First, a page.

"In addition, these defective mRNA are problematic because they are translated into aberrant proteins," explained Joazeiro. "For these reasons, there are machineries in all living organismswhether bacteria or more complex eukaryotic organismsthat target and destroy both these non-stop messenger RNA and the resulting non-stop proteins."
For some 15 years, scientists have understood the mechanism that identifies and destroys these problematic non-stop proteins in bacteria. In these organisms, non-stop proteins are tagged by a marker known as tmRNA or ssrA, which then leads to their destruction.
In more complex eukaryotic organisms, which range from yeast to humans, though, the mechanism for identifying and eliminating such dangerous non-stop errors has remained a mysteryuntil now.
A Fresh Approach
Previously, scientists had failed to discover the missing quality control mechanism using a "homology" approach, in which they searched for molecules from eukaryotic organisms that looked like the bacterial tmRNA. Joazeiro and a postdoctoral fellow in his lab Mario Bengtson got to the mechanism by a different path.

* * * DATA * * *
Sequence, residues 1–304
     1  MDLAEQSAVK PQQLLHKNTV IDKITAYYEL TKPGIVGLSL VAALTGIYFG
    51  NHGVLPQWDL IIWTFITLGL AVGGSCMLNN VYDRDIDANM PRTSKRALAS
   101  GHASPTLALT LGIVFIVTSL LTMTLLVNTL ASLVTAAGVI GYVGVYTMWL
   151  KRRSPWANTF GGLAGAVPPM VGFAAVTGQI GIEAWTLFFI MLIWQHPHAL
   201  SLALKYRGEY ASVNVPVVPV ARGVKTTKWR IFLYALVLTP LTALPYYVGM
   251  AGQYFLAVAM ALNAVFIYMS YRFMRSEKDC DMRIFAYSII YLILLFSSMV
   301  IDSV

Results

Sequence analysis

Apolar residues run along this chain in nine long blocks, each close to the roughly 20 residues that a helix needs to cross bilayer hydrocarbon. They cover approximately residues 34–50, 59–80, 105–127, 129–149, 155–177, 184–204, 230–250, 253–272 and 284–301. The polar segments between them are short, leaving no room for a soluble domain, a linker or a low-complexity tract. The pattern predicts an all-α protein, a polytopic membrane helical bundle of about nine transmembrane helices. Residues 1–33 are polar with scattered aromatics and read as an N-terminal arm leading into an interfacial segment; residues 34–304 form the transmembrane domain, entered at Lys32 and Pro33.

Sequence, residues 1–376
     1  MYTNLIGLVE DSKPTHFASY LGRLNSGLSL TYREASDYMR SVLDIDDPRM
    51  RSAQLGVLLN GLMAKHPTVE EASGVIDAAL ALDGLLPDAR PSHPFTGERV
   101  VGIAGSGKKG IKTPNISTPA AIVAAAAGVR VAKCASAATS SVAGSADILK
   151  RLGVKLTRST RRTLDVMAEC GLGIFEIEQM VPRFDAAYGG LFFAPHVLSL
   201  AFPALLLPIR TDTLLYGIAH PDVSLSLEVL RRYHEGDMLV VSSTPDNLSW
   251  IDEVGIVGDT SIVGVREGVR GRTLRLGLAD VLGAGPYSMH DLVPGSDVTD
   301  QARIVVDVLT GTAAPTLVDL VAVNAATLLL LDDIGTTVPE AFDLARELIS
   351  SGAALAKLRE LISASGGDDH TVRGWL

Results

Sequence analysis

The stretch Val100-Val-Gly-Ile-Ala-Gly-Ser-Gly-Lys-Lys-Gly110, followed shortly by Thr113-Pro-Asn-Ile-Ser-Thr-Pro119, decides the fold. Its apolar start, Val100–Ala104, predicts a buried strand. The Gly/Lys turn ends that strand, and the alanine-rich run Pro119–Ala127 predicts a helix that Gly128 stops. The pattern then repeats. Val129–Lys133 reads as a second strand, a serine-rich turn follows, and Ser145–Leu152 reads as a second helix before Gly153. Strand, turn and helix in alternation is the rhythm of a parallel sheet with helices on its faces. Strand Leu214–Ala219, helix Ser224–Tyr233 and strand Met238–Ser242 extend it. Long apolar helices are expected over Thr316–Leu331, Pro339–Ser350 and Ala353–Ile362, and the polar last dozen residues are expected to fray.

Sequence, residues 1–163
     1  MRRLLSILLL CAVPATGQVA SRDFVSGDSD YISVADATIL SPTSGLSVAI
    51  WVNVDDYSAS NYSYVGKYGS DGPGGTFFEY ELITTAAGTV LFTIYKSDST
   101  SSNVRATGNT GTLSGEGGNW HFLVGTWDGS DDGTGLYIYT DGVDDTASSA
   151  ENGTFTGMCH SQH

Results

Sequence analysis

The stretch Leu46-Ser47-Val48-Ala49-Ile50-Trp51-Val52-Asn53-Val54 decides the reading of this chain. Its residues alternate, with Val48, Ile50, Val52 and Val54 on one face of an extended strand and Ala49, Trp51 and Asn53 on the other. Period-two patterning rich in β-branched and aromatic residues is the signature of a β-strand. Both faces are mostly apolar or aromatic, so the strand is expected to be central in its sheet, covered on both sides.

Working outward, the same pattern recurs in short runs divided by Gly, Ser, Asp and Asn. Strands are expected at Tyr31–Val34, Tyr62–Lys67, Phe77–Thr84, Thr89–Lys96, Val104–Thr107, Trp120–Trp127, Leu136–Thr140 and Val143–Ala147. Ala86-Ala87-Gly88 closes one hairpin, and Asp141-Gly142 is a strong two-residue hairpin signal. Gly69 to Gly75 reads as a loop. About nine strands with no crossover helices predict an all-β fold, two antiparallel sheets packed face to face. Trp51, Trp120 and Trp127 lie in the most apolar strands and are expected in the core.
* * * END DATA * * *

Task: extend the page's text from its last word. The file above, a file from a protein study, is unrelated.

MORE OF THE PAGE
In collaboration with Steve Kay's lab (now at the University of California, San Diego) the Joazeiro lab had discovered that a strain of mice carrying a mutation in a molecule known as Listerin experienced neurodegeneration. Because of recent studies from other labs and their own, the scientists suspected that Listerin could have a role in non-stop protein degradation.
To investigate, in the current study Joazeiro and Bengtson used the
|Contact: Mika Ono|
Scripps Research Institute